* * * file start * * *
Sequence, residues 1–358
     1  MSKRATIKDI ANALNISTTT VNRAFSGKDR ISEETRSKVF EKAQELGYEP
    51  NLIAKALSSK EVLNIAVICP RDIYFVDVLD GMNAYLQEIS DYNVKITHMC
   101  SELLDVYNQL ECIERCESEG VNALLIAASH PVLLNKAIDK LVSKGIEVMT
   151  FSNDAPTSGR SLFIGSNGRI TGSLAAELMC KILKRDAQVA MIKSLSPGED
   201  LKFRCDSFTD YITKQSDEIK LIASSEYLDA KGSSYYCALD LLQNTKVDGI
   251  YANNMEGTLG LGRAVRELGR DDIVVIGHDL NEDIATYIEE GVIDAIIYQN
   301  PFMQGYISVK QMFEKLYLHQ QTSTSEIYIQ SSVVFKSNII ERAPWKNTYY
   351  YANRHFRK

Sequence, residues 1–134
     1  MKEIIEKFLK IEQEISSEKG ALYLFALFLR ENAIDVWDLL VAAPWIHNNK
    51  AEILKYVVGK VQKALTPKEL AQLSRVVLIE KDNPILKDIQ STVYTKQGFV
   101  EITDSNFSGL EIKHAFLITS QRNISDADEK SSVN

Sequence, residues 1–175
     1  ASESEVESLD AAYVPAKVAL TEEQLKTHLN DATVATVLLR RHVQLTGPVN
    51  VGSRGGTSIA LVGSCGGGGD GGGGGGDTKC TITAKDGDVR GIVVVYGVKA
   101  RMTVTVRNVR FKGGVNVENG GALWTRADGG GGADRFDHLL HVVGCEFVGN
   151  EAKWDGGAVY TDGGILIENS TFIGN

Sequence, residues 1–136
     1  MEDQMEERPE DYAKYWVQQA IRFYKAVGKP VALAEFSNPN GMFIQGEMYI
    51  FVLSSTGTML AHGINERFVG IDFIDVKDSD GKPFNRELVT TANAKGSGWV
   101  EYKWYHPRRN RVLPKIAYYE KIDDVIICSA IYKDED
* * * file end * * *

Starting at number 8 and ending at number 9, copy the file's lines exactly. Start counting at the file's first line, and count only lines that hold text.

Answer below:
   301  PFMQGYISVK QMFEKLYLHQ QTSTSEIYIQ SSVVFKSNII ERAPWKNTYY
   351  YANRHFRK